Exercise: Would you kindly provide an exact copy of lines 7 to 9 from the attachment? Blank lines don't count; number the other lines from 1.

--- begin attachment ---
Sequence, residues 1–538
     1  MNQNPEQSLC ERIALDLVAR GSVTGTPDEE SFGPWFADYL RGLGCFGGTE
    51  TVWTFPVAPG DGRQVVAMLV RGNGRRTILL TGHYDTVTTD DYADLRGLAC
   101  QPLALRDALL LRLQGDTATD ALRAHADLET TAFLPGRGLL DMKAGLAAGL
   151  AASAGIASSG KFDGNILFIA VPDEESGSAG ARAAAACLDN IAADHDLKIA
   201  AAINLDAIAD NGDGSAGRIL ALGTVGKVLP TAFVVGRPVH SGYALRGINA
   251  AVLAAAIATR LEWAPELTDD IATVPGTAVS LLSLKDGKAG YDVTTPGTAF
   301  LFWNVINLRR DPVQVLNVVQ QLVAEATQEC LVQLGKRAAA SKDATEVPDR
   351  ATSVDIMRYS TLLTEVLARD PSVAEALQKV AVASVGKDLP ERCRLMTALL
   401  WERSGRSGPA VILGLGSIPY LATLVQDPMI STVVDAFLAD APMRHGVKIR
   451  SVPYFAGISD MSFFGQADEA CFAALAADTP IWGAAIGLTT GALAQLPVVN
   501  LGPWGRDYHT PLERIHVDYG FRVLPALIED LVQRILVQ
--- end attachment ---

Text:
   251  AVLAAAIATR LEWAPELTDD IATVPGTAVS LLSLKDGKAG YDVTTPGTAF
   301  LFWNVINLRR DPVQVLNVVQ QLVAEATQEC LVQLGKRAAA SKDATEVPDR
   351  ATSVDIMRYS TLLTEVLARD PSVAEALQKV AVASVGKDLP ERCRLMTALL